Twenty-five selected artists and creative teams were selected to connect with industry Decision Makers from tech companies, funding bodies, NGOs, broadcasters, international festivals, galleries, production companies and distribution platforms for new media. Submissions for 2020 Talent Market will open in October.
What lies at the heart of your desire to work with immersive content?
In 1998-99, I studied virtual reality under Rory Stuart at the Interactive Telecommunications Program (ITP), New York University. While working at NYNEX Science and Technology, Stuart wrote “The Design of Virtual Environments,” a textbook for VE designers. After being introduced to VR concepts and VRML, I then wrote a paper on treating trauma with VR. At the time, the chair of ITP and godmother of Silicon Alley, Red Burns, focused on bringing in content creators for a frontier program fusing arts and technology. Her mantra: tech is only a tool. One can teach tech, but one can’t teach people to imagine what to create. So Red tapped a few playwrights who had been selected for the National Playwrights Conference (O’Neill Center) to participate in this new graduate program, and I was one of the writers. I jumped on the chance to study virtual worlds, virtual reality, interaction design and web design at ITP. Digital platforms presented alternative mediums for theatre and storytelling – a lifelong passion.
What are you working on now?
“A Weight, a Clock and a Mirror” is the first chapter of “Smashers,” a VR series/interactive documentary that tracks major discoveries in physics as well as technology used to create the atom bomb. The piece revolves around Marie and Pierre Curie’s discovery of radium and polonium. Users can step into the shoes of M. Curie and do what she did – i.e., measure radioactivity with an electroscope, engage in chemical separation and crystal fractionalization, and even stir a vat filled with pitchblende and acid. Inspired by grandfather Wilson Powell, a Harvard physicist who developed the magnets for the Calutrons in the Manhattan Project, “A Weight, a Clock and a Mirror” is being developed with support from the Oculus Start program.
What was the biggest challenge you needed to overcome to get your project(s) off the ground?
The challenge was to ramp up in shader-writing for Unity 3D to enhance the artwork and execute scene transitions. Since I had learned how to code and was using 3ds Max in the 1990s, it’s been a speedier path to master 3d production skills than to scramble for funds for XR developers. After surviving the first dot-com wave, the lesson learned? Developers win over the long-term. Diversity is critical for the evolution of a healthy and balanced immersive space. The more women and people of colour with immersive tech skills, the better.
When you heard about being accepted as Alternate Realities Talent Market participant what stage were you at with your project?
I was knee-deep in XR production. For “A Weight, a Clock and a Mirror,” the market offered a wonderful opportunity to potentially expand distribution.
Who was the first person you told?
Rita Turkowski, the programme manager of Oculus Start.
Had you presented projects or participated in talent markets at festivals before?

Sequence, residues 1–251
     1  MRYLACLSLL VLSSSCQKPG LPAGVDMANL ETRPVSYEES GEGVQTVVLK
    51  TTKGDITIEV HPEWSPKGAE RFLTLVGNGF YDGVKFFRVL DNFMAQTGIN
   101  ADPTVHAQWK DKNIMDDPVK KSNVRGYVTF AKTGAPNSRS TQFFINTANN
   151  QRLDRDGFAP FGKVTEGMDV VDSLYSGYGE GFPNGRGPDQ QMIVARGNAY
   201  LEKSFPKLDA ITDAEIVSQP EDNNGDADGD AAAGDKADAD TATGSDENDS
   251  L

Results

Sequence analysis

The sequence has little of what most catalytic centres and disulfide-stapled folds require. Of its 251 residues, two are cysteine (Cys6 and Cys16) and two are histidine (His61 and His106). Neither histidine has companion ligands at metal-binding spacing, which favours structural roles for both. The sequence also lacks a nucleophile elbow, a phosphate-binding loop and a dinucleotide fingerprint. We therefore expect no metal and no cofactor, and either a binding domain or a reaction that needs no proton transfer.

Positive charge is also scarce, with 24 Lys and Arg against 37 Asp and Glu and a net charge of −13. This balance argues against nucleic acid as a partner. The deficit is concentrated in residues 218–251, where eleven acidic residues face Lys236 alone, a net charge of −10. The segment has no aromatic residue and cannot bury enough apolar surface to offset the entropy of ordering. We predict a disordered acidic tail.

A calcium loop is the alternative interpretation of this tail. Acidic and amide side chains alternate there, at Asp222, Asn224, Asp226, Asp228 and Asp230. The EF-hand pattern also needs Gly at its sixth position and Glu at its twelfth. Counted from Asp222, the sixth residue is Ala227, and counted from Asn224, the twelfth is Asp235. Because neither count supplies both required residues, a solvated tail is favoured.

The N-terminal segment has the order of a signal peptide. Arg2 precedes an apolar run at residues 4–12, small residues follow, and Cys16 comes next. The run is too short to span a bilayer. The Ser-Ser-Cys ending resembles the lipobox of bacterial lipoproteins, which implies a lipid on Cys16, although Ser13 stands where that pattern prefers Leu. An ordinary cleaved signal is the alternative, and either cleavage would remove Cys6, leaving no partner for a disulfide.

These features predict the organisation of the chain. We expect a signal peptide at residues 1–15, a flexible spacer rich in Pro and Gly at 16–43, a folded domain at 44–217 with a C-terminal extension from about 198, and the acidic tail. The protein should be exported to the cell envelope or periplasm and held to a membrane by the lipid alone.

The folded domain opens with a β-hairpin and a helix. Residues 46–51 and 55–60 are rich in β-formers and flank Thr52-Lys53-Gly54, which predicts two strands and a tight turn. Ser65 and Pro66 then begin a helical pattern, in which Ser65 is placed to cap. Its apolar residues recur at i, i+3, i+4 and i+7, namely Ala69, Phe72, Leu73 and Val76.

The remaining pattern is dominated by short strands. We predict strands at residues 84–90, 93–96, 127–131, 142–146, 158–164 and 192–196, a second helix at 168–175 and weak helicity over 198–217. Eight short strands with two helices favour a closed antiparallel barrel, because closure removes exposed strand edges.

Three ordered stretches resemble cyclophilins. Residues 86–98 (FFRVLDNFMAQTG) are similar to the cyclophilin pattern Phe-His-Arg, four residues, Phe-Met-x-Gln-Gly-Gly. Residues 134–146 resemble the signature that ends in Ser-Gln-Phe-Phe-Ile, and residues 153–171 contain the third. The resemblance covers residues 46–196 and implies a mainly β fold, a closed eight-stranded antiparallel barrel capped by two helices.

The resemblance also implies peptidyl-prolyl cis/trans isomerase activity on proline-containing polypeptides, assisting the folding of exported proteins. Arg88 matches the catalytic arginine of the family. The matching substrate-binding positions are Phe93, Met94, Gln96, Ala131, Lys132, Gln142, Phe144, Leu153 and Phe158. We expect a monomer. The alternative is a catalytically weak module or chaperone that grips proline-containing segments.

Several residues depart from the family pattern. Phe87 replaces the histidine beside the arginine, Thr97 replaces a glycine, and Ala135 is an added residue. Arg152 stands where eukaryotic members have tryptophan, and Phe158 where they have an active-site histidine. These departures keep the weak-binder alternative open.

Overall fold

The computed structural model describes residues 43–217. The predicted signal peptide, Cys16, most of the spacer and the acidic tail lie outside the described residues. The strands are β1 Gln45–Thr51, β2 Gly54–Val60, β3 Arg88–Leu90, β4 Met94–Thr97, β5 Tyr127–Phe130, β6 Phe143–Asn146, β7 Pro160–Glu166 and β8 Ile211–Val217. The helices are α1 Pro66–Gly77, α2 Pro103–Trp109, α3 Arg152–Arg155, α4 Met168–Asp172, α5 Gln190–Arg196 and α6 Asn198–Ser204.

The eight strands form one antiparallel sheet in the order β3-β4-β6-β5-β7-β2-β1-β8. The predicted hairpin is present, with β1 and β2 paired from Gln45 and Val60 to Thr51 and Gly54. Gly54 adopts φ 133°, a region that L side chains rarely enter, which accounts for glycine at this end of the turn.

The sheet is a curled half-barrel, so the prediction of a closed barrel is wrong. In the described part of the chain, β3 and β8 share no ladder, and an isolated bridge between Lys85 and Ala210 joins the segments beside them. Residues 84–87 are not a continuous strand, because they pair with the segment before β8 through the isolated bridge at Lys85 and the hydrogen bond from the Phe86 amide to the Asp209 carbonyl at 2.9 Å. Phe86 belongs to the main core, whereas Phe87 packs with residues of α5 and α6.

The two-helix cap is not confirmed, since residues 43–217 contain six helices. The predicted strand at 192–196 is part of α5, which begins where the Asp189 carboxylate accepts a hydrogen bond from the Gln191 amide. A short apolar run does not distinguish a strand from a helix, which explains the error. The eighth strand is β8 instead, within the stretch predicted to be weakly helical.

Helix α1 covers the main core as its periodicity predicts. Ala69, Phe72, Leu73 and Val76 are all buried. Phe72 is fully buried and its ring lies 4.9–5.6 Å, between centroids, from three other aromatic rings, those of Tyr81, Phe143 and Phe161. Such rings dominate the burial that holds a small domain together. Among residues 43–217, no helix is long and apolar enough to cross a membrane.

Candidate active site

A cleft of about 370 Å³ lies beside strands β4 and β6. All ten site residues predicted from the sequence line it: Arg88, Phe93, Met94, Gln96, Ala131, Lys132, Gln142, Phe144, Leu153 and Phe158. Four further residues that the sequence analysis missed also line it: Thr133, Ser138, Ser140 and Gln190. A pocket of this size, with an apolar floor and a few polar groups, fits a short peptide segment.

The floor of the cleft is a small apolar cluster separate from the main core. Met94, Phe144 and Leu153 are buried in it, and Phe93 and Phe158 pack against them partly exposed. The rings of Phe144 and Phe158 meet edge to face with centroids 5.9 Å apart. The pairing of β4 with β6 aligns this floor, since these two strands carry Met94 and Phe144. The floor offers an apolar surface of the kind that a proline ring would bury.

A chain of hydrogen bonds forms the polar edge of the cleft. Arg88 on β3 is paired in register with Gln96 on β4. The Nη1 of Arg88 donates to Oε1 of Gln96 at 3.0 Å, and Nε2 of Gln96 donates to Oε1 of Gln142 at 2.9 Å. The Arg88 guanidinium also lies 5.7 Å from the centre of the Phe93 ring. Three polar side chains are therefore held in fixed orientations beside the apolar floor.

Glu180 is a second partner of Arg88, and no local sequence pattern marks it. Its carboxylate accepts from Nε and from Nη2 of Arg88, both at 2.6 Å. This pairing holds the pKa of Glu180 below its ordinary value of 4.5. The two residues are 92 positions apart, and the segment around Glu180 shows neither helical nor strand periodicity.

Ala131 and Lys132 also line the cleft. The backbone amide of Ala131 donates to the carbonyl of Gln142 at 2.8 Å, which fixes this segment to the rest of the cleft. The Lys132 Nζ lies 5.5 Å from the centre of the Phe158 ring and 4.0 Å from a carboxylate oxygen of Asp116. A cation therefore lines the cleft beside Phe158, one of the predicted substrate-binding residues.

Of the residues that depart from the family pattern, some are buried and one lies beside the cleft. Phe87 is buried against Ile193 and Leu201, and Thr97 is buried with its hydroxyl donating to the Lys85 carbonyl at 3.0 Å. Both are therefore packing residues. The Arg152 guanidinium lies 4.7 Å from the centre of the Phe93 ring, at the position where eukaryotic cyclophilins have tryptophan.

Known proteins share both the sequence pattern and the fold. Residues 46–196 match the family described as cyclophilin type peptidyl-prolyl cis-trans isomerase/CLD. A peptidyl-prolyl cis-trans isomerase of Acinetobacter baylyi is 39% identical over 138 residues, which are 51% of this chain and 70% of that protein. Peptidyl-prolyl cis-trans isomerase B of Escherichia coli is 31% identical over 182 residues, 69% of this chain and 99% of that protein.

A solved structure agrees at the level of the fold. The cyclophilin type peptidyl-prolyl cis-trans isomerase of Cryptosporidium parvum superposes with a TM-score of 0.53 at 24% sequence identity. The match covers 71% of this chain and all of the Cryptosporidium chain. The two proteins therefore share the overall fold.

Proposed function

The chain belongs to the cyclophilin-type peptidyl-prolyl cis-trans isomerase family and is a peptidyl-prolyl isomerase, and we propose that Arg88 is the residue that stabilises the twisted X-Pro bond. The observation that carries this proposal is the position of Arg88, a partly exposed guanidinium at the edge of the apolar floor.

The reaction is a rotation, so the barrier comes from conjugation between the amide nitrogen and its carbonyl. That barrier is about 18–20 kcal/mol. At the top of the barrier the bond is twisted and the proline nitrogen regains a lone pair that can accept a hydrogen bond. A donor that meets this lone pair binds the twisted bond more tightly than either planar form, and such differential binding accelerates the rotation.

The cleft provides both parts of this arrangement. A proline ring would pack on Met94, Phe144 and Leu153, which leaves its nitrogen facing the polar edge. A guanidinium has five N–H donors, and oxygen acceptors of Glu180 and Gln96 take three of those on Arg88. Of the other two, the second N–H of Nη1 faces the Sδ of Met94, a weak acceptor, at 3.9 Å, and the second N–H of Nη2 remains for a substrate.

No. I’ve actually been on the other side. I was the Producing Artistic Director of two festivals.
How did participation in Alternate Realities Talent Market help you to develop your practice and/or your project?
One of the decision-makers in the market has a marketing background and provided invaluable feedback on how to market “A Weight, a Clock and a Mirror.” How to define the content in terms of format? Is it a game? Is it an interactive documentary? This is a fuzzy area in XR and has been a fuzzy area since the advent of digital platforms for storytelling. As soon as you introduce interactivity – user agency – into a story, you’re tapping into the mechanics of gaming. Yelena Rachitsky from Oculus will be doing a talk on the sweet spot – the intersection of story and game – at OC6. Despite all this fuzzy-wuzzy stuff, I still need to define “A Weight, a Clock and a Mirror” for marketing purposes.
What effect has attending Doc/Fest had on your work since, has it created further opportunities?
Because I met curators and producers of other festivals and venues for distribution, I’m now polishing the piece for submission to these outlets. I wouldn’t even be aware of these opportunities had I not attended Doc/Fest. Well-organised and smoothly run, the Alternate Realities Market should be a shining example for other markets of this type.
What advice would you give to emerging artists or makers who dream of being a part of Alternate Realities Talent Market one day?
Think long-term and focus on crafting relationships instead of jumping on gigs. Support and opportunities may not be immediately forthcoming. Often support comes from left field. And it may come weeks, months or even years later. Be true to vision, stand tall and stay in the ring.
Would you do it again?
About the artist:
J Dakota Powell is a multi-disciplinary artist/writer/director and founder of TimeWave (timewavefestival.com), a transatlantic collective that explores the intersection of media and technology. In XR, Powell has been selected for the Oculus Start and Oculus Launchpad programmes. She launched the first virtual reality lab ("XR Lab") in 2015 as well as produced the first virtual reality hackathon in New York City. Prior to this, Powell was the Producing Artistic Director of TimeWave, an international theatre/tech festival (UK) gathering 75 artists and streaming in new work from London, New York, Los Angeles, Singapore, Madrid and Montreal. She was also Producing Artistic Director of Brave New World on Broadway (US), which gathered the American theatre to respond to 911. BA, Yale University. MPS, ITP/NYU.